We had no illusions that the days we would spend in Warsaw in the year’s merriest of months would be filled with unmitigated delight. For what could such a visit be but a heavy-duty history lesson, one not lost on people already interested in the subject and people who, although not German, have lived all their adult lives in Germany.
The tragedies suffered by the Poles did not begin in the 20th century, but as I mentioned in my last post, had already culminated in 1795 with the partitioning of the country between the Russian, Prussian and Austro-Hungarian Empires. Not until the end of World War I did Poland resume its existence as a nation. Barely had it recovered its national identity when it was once again under siege by Germany, and soon afterwards, by Russia.
A morning visit to the Museum of the Warsaw Uprising was an eye-opener and I covered that in my last post. The old Jewish Cemetery and the new Jewish Museum, designed to look live the wave that parted the Red Sea for the Jews to escape from Egypt, both bear witness to the rich past of the Polish Jewish population and its abrupt demise at the hands of Nazi Germany.
However, I am very pleased to be able to report, on a much more upbeat note, about what we experienced of Poland in the here and now and beyond the historic sites. It seems we had inadvertently chosen the time of our stay well. The weather was perfect with sunshine and temperatures in the high 70s centigrade. This meant the whole population was out and about enjoying their city. Everywhere we went something was going on.
Along the main thoroughfare of the old town, a children’s festival was in full swing with lots of clowns and balloons and music playing. The street restaurants and cafes were busy; the cold beer tasted refreshing as it washed down our lunch of grilled kielbasa. One thing jumped right out and struck me in the face: What a young population lived in Warsaw! Kids, teens, babies in buggies, young-marrieds and lots of young pregnant women(!) – everyone was having a good time; everyone looked well-off.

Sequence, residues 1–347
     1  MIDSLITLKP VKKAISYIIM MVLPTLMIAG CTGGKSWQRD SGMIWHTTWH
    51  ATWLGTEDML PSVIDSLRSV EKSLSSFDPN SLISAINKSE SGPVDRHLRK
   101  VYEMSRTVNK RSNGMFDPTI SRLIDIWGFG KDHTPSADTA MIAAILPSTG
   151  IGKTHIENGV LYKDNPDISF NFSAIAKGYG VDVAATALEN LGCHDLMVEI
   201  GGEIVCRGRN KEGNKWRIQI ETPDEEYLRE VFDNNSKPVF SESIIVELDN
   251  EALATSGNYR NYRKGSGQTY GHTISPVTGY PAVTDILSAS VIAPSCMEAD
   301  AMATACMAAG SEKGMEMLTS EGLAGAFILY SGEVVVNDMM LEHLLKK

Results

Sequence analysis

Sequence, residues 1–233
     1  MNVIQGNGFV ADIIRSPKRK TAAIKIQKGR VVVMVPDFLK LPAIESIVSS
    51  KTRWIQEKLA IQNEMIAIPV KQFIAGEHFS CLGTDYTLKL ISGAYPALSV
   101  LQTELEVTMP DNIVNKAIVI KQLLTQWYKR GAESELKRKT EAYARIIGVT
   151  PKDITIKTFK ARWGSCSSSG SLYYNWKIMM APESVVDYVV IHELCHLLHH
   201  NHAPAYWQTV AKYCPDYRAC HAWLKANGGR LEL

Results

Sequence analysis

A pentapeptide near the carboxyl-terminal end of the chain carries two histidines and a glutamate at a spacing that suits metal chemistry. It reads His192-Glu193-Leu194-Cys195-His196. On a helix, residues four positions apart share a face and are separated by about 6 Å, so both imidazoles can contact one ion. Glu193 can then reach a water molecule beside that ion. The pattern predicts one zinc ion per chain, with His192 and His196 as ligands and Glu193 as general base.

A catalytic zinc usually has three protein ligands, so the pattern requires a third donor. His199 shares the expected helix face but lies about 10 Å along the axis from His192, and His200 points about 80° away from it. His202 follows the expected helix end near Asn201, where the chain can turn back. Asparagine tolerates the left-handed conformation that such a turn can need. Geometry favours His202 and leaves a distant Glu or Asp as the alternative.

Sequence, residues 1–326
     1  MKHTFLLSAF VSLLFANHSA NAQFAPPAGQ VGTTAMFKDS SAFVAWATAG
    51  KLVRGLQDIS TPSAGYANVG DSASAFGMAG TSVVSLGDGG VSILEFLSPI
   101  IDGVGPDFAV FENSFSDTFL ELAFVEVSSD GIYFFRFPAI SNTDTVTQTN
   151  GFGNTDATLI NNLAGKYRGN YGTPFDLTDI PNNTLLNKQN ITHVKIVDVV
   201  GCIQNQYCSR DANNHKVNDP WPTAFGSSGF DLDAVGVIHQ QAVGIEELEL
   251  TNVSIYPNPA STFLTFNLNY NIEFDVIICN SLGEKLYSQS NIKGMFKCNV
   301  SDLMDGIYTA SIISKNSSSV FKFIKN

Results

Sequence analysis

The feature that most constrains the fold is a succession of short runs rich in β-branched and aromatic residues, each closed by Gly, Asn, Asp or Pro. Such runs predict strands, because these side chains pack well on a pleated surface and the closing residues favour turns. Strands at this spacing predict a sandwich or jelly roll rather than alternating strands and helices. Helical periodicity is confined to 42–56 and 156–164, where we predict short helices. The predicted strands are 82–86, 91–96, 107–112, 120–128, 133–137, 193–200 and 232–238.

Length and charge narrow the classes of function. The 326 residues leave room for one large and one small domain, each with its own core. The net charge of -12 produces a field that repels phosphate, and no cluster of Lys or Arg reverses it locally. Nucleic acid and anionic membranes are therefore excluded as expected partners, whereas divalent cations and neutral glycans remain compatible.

On the Sunday we crossed the Wisla River to Praga on the other side. In Praski Park, located along the river, families strolled by, on their way to or from the zoo. Kids rode bikes or whooshed by on skates. We followed the sound of music and landed at a pavilion where a 4-piece band was playing. People sat on benches, consuming their own picnics and fetching cold brews from a stand. We couldn’t resist joining them. Soon the musicians were substituted by a group of seniors who sang and danced. The dozen or so ladies all wore straw hats and gloves and floral skirts. The three token gents had cloth caps on their heads. Although the music they sang was foreign to our ears, it wasn’t to the multigenerational crowd. They sang along. One lady in the audience danced with her poodle in her arms. Others danced, too, women with women or mothers with sons. Small children wandered onto the stage and danced in circles.
At home we are always hearing about the flood of young Poles who leave the country seeking work in western Europe or beyond. Either there are still plenty left behind or they were all back visiting on that May weekend. Assuming the latter is unlikely, we had the distinct impression that Poland will not any time soon be suffering from the demographic problem – the ageing of society – that plagues many of the world’s advanced industrialized countries.
Discovering whether the Polish baby boom can be attributed to their strict adherence to the anti-birth control policies of the Vatican, or if their fecundity is more a reflection of their deep love of family, would require a visit longer than a few days in May. What I can conclude from the visit though, is that Poland has made great strides since the walls and curtains of eastern Europe fell 25 years ago.
After all the tragic history lessons, how great it is to leave Poland with a positive feeling.